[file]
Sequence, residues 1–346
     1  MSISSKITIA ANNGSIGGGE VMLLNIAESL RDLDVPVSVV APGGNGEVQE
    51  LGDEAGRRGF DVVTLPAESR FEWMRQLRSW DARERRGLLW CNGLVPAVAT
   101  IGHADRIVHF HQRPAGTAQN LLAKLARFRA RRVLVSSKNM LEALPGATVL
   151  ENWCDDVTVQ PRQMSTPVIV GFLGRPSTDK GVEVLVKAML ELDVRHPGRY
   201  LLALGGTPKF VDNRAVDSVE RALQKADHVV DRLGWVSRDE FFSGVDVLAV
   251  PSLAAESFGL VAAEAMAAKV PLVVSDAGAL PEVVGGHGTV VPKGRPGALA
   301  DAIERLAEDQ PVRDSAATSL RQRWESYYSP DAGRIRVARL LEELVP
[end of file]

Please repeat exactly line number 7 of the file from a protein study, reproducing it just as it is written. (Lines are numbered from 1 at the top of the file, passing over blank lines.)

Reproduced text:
   251  PSLAAESFGL VAAEAMAAKV PLVVSDAGAL PEVVGGHGTV VPKGRPGALA